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Jesus, Christians claim, walked on water atop the Sea of Galilee. This August, two millennia later, musicians will perform Mozart - playing on water atop an Olympic-sized swimming pool in the Upper Galilee.
Okay, the musicians will be on a boat. But audiences will not want to miss this and other special performances as part of the Kol Hamusica in the Upper Galilee Festival, located in and around Kibbutz Kfar Blum. Celebrating its 25th anniversary this season, the festival features Israeli artists include Shlomi Shaban, Chen Zimbalista, the Aviv Quartet and Trio Mondrian.
In addition to such world-renowned ensembles, the festival also features what artistic director Michael Melzer calls "ad hoc ensembles." Melzer organizes the festival's featured musicians into various combinations for different concerts. Chamber music, he says, is an ideal genre for bringing people together, and even serves as a model for connecting people outside of a musical context.
"While playing chamber music, the most important thing is not the producing of sound, but actually listening to each other. On top of everything, the most important thing, not only for musicians but for every human society, is to be able to listen to each other. To create a way, especially in Israeli society, to enable different people to live together. I think this is one of the things chamber music can teach people," Melzer says. "Every player in the festival has his own ego, which is not very small for musicians. But they have to create something together. They have to be able to preserve their own ego, but to understand each other."
In honor of its 25th year bringing chamber music to the Upper Galilee, there will be a total of 25 concerts, including popular quintets by Mozart, Schubert, Dvorak, Schumann, Mendelssohn, and Brahms.
The swimming pool concert mentioned above is part of the Evening of Roses performance on August 4 at 9:30 p.m., which includes works by Mozart, Monteverdi and Israeli composer Haim Permont. Percussionist Chen Zimbalista will take advantage of his location, using the water as a percussion instrument.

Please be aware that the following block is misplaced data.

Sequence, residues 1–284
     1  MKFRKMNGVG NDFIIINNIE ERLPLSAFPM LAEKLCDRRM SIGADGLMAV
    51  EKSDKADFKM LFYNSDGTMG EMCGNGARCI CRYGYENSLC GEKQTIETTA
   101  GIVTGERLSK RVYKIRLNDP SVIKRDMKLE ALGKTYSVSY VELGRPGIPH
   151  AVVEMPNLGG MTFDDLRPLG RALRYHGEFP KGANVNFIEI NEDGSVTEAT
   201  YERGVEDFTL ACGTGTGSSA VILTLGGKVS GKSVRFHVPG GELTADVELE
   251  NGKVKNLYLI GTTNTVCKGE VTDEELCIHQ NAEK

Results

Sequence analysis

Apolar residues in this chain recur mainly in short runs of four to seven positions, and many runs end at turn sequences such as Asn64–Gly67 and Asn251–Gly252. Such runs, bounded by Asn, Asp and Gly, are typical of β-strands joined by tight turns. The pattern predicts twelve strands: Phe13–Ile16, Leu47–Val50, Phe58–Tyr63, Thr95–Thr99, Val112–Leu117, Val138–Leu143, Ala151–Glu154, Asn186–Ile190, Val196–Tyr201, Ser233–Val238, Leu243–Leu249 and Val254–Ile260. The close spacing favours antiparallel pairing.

On August 3 at 9:00 p.m. the festival presents rock pianist Shlomi Shaban joined by singer/songwriter Rona Keinan accompanied by a string quartet. Shaban will perform some of his original songs, plus excerpts from Mozart's Piano Concerto No. 21 in D major K. 467 and Shostakovich's Piano Quintet Op. 57.
Another highlight is a mini-series for families - Kol Hamusica for Kids - which runs August 6-8. Included in the series is a concert of Grandma and Grandpa's Childhood Songs (there's ice cream after the concert), and an opportunity for families to be serenaded by music along hiking trails.
The festival also offers free open rehearsals for audiences to get a behind-the-scenes look at the creative process.
"I like it; it's kind of another performance. People want to hear what you think, what you have to say. It's fun - we sometimes talk to the audience, and ask them 'do you like it like this? Is it better like that?' A lot of the time we take their suggestions," Zimbalista said.
According to Melzer, the festival has played a major role in developing Israel's chamber music scene.
"When the festival started, it was really unique. There were not so many chamber music ensembles in Israel and not so many concerts. From then until now, we can see a very rapid and impressive development of chamber music venues in Israel. Audiences are much bigger than what it used to be. The festival brings into the light some new ensembles, such as the Aviv Quartet. The festival grew with them and they grew with the festival," Melzer says. "The other thing is that quite a lot of Israeli musicians met each other at the festival and created an ensemble together because of the festival. The festival proves that music can really change things."
Kol Hamusica in the Upper Galilee Festival runs from August 2-8 For more information, visit kol-hamusica.org.il or call (04) 681-6640 or (04) 681-6642. For tickets, call (03) 604-5000.